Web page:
The type of material used with the compressors and with the piping system shall be non-corrosive. Copper and brass are most commonly used. The pipe bringing air from the outside intake to the compressor should be non-corrosive since it is exposed to moisture and atmospheric contaminants. Although the NFPA does not spell out the intake pipe’s specific composition, as it does for the compressor and the pipeline downstream, the intake pipe should not be iron. It is not uncommon to find the plumbing contractors engaged to install medical piping to treat the piping as ordinary water or sewer plumbing. Galvanized steel is also unacceptable since the zinc plating could flake off under the pressure and flow of gases.
A recent (1995) major hospital inspection was found to have iron piping between the medical air compressor, dryers, receiver, and aftercoolers. The system had been certified as meeting NFPA codes seven years earlier. The correction of such design errors can be expensive. It is far more reasonable for the anesthesiologists to be aware of basic construction codes and have a say in proper installation from the beginning. Iron and galvanized pipe may oxidize, resulting in particulate matter flaking off from the pressure and flow, and will result in being carried downstream where it may interfere with the flow of gases or proper operation of station outlets, ventilators, blenders, anesthesia systems, or other pieces of secondary equipment.
Station outlets consist of primary and secondary check valves which allow secondary pieces of equipment to be attached to the medical gas line. Station outlets should be used only for the delivery of gases intended for medical use. The outlet shall also be designed as being gas specific by using size or keyed dissimilar connections specific for each individual gas. Each outlet shall be labeled with the name or chemical symbol and the specific color coding for the gas supplied.
More on Contaminants and Particulates:
Water is the most common contaminant found in medical air lines and is perhaps the most insidious of the contaminants found. It can also cause some of the most costly damage to secondary equipment. Water, unlike particulate, can pass through particulate filters and make its way into anesthesia machines, ventilators, other commonly used secondary equipment, and the patient as well. Jerry Lavene, Manager of the Anesthesia Vaporizer Repair Center from Ohmeda, states “The most common contaminant we find in vaporizers during their disassemble for remanufacture is moisture. Moisture or the combined effects of moisture with the anesthetic agent can create issues within the internal mechanisms of the vaporizer.” Some critical care ventilators saturated with water were non-repairable and had to be scraped by one facility. The anesthesia machines required a complete overhaul to restore them to usable condition. The presence of water can also provide the medium for bacterial growth. Water located in medical air lines which are subjected to low temperatures can freeze and occlude gas flow. Water can also facilitate the oxidation of the copper piping inside the medical air line.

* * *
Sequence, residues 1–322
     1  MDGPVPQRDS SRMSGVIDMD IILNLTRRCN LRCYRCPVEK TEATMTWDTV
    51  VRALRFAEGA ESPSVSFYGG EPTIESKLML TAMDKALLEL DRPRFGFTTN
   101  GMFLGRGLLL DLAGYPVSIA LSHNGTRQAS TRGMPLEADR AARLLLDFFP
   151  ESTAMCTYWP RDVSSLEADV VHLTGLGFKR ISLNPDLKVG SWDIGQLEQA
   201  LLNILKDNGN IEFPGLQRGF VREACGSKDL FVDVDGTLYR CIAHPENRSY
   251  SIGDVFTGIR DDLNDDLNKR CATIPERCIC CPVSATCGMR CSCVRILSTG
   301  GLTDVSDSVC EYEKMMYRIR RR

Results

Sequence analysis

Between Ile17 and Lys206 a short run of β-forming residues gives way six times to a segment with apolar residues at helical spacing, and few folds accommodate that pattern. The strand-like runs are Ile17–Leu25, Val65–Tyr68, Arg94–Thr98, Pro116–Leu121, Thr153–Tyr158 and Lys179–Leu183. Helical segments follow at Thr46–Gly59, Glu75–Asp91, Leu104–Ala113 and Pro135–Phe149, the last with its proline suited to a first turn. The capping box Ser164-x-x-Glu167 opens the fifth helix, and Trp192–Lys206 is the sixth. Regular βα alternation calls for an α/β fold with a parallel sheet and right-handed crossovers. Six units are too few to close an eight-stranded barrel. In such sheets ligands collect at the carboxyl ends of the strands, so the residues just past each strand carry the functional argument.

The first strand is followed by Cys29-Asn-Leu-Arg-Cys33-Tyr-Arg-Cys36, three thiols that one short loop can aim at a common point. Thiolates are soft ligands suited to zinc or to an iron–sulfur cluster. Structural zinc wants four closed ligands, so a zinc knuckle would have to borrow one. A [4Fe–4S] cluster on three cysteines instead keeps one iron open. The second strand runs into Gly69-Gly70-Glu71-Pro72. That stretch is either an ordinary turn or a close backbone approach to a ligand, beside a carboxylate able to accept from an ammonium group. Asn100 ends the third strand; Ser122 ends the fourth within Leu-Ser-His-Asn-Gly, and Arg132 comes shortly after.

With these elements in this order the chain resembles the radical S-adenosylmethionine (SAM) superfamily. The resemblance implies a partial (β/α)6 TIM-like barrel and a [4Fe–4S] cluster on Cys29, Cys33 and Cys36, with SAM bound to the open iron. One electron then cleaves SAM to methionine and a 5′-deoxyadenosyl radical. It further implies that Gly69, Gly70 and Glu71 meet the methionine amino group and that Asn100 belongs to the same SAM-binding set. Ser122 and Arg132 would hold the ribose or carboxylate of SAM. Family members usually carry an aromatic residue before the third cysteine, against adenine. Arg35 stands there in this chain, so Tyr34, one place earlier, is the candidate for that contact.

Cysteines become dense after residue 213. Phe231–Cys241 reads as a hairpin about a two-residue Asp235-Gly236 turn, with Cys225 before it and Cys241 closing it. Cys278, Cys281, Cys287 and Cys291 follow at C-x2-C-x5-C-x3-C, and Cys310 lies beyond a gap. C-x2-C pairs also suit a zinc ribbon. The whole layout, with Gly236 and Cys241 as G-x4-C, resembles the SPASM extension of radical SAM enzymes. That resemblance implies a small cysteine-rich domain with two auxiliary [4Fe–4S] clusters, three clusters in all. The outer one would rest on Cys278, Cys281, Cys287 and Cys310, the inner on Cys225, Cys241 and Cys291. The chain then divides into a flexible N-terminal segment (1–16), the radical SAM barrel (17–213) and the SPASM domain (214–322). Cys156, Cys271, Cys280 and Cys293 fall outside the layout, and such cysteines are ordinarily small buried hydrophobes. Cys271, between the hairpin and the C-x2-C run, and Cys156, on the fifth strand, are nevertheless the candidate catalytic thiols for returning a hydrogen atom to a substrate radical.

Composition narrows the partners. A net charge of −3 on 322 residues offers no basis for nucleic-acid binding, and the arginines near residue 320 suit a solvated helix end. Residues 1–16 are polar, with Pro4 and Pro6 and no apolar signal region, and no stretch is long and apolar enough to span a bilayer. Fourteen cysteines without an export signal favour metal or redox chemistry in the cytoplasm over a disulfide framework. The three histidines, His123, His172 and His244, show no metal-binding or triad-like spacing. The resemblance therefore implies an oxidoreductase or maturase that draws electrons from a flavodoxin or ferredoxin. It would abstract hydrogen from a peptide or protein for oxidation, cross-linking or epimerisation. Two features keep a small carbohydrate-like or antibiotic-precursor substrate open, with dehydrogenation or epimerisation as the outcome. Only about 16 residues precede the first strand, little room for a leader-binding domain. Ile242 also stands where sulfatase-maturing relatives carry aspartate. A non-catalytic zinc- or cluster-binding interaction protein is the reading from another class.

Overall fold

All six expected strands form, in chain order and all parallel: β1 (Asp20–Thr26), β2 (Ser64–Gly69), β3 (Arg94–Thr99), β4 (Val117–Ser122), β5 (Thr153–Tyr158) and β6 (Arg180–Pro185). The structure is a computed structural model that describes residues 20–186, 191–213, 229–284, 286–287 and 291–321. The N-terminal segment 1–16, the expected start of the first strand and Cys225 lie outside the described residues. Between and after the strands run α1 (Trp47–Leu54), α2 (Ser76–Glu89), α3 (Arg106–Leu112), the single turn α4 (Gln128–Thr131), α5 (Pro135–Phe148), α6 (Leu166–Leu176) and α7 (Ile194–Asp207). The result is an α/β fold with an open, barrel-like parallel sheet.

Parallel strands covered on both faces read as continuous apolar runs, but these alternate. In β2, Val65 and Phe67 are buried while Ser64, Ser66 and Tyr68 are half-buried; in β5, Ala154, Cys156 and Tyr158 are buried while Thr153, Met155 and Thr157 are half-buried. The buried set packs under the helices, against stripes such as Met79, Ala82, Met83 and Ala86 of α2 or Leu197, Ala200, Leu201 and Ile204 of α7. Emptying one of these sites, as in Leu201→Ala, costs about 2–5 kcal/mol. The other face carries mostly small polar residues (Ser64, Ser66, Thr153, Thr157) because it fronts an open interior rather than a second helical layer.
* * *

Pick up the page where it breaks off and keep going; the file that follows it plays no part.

Water may be introduced through a variety of ways. Inadequate removal of water through undersized, saturated, or the lack of appropriate air dryers is common. Water may be introduced through malfunctioning liquid ring air compressor components. Failure of automatic drains in aftercoolers, receivers, dryers, or other components of the medical air plant is an area of frequent fault allowing unwanted water into the system.
Oils can be introduced through a non-medical grade air compressor being installed. This may occur through improper equipment specification or purchasing. Medical grade compressors have been known to fail and introduce oil into the system. Some medical air compressors are now available which use a totally oil-less compressor technology to prevent this possibility. Don’t assume the air compressor being used for your facility is suitable for medical grade air. The possibility of oil contamination has resulted in hydrocarbon monitoring requirements.
Construction debris such as sand, solder, flux, dirt, vermin, and so on have been found in medical air lines due to poor techniques in the construction process. These particulates can be introduced downstream of the filtration system located at the medical air plant. This can be avoided through proper design, installation procedures and techniques, and final testing (certification) of the new system or addition. There are processes available to remove these contaminants found in existing systems. Medical air is an important life sustaining gas commonly used in our facilities. Anesthesiologists should be aware of those responsible for overseeing the medical air system and their qualifications. During construction they should be aware of design and installation specifications. Preventative maintenance programs should be in place and the results of as many as 17 tests performed at required intervals should be reviewed and evaluated.
Vigilance will result in patients receiving clean and safe medical air. Ask yourself, “Would you want your family placed on your present medical air system?”
Dr. Moss, Executive Medical Director of the New Jersey State Society of Anesthesiologists, is a member of the Board of Directors of the APSF and Chairman of the Working Group on medical gas safety.
Mr. Nagle is the service marketing manager of Ohmeda, Madison, Wl, which provides field testing services for piped medical gas delivery systems.